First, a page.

Go Down

Topic: what sensor for DIY turbidimeter? (Read 656 times) previous topic - next topic

Gigiux

Hello,
I would like to build a turbidimeter to check the growth of bacteria since I don't have one in the lab. I have seen this project but I don't like the sensor because it is too big and must be immersed in the solution (which would contaminate the sample).
I have seen this one, which is about a spectrophotometer. Actually it would be even better but it is an overkill.
I am looking for an instrument where I can stick a 15 mL Falcon tube and measure the reduction of light intensity from a light source.
What emitter and sensor would you recommend? something I can buy from amazon, easy peasy.
Thank you



Gigiux

Just an addendum, if I place a LED at the other side of a cuvette, would the TCS230 Color Sensor be used to sense the light intensity reduction?

jremington

#4
Dec 18, 2020, 12:25 am Last Edit: Dec 18, 2020, 12:27 am by jremington
Probably. Try it and let us know.

Conventional turbidity measurements are usually done by measuring light scattering, rather than absorbance. The detector is mounted 90 degrees away from the light source.  But either method can be used to monitor bacterial growth in solution.

Gigiux

Could you suggest a sensor?
Perhaps BH1750FVILM393, or KY-018?

jremington

#6
Dec 21, 2020, 05:12 pm Last Edit: Dec 21, 2020, 05:15 pm by jremington
I would use an LED for the light source (with a constant current source to limit the current, for stability) and the TSL2591 as the detector.

I imagine a rectangular block with a hole drilled in it to fit the sample tube, and two holes perpendicular to the tube and to each other (for the light source and detector) would work well.

Gigiux

I have plugged the color sensor to a Leonardo following this scheme and ran this:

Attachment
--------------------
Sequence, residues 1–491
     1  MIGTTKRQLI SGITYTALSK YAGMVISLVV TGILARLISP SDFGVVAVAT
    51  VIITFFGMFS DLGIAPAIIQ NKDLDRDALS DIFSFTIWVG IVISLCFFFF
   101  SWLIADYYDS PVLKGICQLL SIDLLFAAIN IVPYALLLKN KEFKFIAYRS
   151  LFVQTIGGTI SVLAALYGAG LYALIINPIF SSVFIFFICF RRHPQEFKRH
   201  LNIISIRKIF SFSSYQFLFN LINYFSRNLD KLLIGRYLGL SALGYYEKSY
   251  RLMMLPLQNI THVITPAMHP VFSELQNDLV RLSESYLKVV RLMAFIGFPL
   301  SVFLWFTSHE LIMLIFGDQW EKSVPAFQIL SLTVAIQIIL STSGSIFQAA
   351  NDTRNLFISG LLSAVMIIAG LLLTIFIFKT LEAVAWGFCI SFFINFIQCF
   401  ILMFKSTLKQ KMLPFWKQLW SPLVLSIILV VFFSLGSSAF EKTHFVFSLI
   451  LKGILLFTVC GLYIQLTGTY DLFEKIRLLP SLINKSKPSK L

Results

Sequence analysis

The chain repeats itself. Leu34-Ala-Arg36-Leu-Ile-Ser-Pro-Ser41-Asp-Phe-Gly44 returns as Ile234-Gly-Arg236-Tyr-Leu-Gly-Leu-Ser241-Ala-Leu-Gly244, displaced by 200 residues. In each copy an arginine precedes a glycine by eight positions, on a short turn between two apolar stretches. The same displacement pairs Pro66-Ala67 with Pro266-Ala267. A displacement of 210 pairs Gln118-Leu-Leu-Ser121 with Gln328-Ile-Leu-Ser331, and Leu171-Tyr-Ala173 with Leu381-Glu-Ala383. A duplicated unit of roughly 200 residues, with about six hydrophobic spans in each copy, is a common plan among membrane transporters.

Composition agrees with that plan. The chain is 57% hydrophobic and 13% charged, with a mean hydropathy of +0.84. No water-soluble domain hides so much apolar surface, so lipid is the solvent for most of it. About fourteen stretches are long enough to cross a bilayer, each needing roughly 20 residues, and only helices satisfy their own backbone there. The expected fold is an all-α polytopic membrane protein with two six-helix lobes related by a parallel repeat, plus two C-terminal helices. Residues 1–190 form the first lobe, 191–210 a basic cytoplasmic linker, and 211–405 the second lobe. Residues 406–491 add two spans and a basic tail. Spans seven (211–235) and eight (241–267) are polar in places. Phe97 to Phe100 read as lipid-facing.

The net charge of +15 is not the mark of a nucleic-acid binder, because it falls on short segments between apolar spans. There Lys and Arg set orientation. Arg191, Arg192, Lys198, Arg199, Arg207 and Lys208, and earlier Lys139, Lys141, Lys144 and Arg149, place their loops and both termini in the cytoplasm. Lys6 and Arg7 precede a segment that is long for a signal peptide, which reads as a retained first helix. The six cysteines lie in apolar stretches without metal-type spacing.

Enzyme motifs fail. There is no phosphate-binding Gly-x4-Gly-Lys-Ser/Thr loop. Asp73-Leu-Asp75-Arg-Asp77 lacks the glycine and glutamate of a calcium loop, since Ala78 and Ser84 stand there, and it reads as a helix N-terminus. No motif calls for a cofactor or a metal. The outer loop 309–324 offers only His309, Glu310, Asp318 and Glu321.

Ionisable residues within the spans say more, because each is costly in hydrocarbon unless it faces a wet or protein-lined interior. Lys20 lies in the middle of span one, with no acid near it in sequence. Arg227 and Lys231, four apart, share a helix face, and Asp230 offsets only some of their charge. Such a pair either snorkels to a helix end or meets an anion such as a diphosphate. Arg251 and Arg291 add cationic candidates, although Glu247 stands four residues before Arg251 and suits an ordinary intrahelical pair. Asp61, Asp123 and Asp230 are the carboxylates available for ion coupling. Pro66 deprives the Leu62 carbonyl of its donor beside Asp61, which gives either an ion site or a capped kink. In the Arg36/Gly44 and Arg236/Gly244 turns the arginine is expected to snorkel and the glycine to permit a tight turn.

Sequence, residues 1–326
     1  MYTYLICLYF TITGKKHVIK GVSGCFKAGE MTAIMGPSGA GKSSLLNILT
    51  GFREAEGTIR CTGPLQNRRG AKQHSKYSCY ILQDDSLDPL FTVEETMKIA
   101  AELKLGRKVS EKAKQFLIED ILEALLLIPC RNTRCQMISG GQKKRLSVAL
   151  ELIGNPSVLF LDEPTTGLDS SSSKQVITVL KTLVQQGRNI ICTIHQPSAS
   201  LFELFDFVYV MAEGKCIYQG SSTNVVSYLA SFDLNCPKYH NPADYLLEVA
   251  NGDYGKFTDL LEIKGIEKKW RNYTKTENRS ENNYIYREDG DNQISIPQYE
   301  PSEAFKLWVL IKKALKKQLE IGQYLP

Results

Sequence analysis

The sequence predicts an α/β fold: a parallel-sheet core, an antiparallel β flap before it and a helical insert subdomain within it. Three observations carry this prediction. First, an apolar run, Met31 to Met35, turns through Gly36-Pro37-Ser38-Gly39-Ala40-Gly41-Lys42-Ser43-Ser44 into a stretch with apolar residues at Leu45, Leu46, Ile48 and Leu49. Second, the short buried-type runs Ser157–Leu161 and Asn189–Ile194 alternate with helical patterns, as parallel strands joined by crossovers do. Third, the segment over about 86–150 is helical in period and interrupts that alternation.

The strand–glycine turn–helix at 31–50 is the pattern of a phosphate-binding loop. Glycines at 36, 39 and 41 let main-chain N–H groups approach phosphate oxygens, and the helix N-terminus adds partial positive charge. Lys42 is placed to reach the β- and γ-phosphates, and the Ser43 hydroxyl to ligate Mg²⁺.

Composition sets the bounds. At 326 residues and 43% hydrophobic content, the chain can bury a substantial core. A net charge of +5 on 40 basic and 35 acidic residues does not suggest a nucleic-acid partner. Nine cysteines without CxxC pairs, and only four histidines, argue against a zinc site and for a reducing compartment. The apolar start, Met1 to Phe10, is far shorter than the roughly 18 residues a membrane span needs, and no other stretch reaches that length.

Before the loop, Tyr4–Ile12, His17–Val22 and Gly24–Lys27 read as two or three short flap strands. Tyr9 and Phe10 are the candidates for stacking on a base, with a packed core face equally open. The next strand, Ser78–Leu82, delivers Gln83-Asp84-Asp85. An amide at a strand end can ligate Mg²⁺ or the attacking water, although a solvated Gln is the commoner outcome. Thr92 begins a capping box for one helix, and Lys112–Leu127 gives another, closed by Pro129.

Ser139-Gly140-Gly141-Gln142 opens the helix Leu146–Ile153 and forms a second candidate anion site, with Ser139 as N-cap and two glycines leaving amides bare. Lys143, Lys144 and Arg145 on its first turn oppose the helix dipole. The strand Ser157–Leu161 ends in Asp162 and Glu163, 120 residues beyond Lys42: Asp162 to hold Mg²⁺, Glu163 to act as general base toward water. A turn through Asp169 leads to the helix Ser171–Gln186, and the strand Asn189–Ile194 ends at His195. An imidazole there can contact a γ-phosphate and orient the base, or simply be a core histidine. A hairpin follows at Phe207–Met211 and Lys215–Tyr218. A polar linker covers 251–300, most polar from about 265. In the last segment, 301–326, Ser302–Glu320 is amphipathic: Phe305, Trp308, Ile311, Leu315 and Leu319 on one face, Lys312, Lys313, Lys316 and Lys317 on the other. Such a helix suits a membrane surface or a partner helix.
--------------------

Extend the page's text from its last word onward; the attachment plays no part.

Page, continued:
Code: [Select]
#include "Arduino.h"
#define S0 4 // purple
#define S1 5 // brown
#define S2 7 // orange
#define S3 6 // yellow
#define sensorOut 8 // green
// 5v = red, GRD = white
int redFreq = 0;
int greenFreq = 0;
int blueFreq = 0;

void setup() {
  pinMode(S0, OUTPUT);
  pinMode(S1, OUTPUT);
  pinMode(S2, OUTPUT);
  pinMode(S3, OUTPUT);
  pinMode(sensorOut, INPUT);

  // color
  digitalWrite(S0, HIGH);
  digitalWrite(S1, LOW);

  Serial.begin(9600);
}

void loop() {
  // read red
  digitalWrite(S2, LOW);
  digitalWrite(S3, LOW);
  redFreq = pulseIn(sensorOut, LOW);
  Serial.print("R = ");
  Serial.print(redFreq);
  delay(100);

  // read green
  digitalWrite(S2, HIGH);
  digitalWrite(S3, HIGH);
  greenFreq = pulseIn(sensorOut, LOW);
  Serial.print("G = ");
  Serial.print(greenFreq);
  delay(100);

  // read blue
  digitalWrite(S2, LOW);
  digitalWrite(S3, HIGH);
  blueFreq = pulseIn(sensorOut, LOW);
  Serial.print("B = ");
  Serial.print(blueFreq);
  delay(100);
}


but nothing happens. When I open the serial terminal (shouldn't it open by itself), it remains empty...
It is a problem of hardware or sketch? 

jremington

#8
Dec 28, 2020, 06:58 pm Last Edit: Dec 28, 2020, 07:50 pm by jremington
The tutorial was designed for the Uno. You may need to change some pins for the Leonardo.

Make sure that you can run the Blink program on the Leonardo, and use Serial.print() before starting a complex project.

In particular, after Serial.begin(), you should add this line:
Code: [Select]
while (!Serial); //wait for connection with host PC to be established

Quote
shouldn't it open by itself